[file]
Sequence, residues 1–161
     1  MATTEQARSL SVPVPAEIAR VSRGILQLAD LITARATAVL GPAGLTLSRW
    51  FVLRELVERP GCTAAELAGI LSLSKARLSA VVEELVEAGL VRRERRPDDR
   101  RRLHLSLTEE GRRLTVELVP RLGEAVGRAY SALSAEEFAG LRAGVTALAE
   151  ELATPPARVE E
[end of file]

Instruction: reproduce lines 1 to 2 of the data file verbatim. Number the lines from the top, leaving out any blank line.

Sequence, residues 1–161
     1  MATTEQARSL SVPVPAEIAR VSRGILQLAD LITARATAVL GPAGLTLSRW